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In 1858 Gavin Young surveyed the township. At this time, the village consisted of

  • St Mark’s Church, in whose churchyard Horrocks is buried;

  • The Derby Arms Inn, built in 1841 and registered as a hotel in 1850;

  • a flour mill built in 1842 and a village school.

  • Horrocks built a manor house in 1842 and called it ‘Hope Farm’.

  • A Wesleyan Chapel was built on the western side of the village and was opened in 1858.

  • In 1870 the flour mill was destroyed by fire.

  • The Derby Arms closed its doors in 1890 and the school closed in 1900.

In 1915, a railway was constructed from Riverton to the south and Spalding to the north.

  • The population of Penwortham grew with the men moving to the area to work on the rail line.

  • The Derby Arms was re-opened as a bottle/general store.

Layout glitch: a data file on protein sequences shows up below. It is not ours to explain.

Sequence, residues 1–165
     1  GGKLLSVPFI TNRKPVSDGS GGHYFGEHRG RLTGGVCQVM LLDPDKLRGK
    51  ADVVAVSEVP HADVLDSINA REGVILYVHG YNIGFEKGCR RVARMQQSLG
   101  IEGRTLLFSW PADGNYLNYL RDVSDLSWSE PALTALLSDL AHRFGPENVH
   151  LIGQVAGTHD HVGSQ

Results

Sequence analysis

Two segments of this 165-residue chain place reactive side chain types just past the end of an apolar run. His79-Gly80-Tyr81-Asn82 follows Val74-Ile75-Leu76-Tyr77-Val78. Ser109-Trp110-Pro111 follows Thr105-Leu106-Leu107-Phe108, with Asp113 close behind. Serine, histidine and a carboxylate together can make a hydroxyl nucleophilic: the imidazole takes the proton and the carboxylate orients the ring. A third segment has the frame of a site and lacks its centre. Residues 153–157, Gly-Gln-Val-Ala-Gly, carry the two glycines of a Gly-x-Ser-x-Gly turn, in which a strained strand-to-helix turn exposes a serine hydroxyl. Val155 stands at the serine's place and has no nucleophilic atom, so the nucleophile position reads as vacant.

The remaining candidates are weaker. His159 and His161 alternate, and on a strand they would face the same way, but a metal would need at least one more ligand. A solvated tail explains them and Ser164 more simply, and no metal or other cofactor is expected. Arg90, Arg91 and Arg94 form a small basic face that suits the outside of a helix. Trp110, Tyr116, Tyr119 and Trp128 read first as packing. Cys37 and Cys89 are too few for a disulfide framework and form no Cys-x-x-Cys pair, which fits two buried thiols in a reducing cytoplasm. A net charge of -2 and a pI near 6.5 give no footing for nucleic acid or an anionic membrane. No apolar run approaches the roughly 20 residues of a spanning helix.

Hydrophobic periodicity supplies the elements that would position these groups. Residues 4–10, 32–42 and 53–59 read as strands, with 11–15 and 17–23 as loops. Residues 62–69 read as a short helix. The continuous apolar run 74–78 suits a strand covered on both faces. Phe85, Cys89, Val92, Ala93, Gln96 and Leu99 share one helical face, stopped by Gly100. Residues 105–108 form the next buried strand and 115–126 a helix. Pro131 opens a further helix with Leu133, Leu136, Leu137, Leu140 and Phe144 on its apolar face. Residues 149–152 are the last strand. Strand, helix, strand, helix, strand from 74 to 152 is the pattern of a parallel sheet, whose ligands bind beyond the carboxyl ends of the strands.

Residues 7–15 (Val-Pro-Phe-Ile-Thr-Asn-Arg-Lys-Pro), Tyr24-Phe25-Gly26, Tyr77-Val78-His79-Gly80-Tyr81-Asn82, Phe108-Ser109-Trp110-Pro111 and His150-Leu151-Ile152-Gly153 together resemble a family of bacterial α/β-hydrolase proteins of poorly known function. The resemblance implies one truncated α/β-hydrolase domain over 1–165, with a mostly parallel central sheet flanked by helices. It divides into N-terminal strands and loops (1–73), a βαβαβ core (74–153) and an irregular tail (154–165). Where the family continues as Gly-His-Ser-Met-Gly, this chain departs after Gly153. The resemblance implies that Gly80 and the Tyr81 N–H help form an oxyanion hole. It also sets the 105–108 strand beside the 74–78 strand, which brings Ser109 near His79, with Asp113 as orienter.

• John Horrocks manor house was demolished to make way for the railway.


Once the railway was completed the workers moved on.

  • The Great Depression and the Second World War saw Penwortham evolve into the little village we see today.

  • In 1946 the Horrocks Memorial Fund erected a series of cairns along the 1846 expedition route.

The Wesleyan Chapel was demolished in 1970 due to neglect.

  • A number of wineries opened in the area and several attempts were made to convert the school building into a restaurant without success.

  • A resident opened a cottage industry venture selling fruit, vegetables honey and jams which was successful for a few years.

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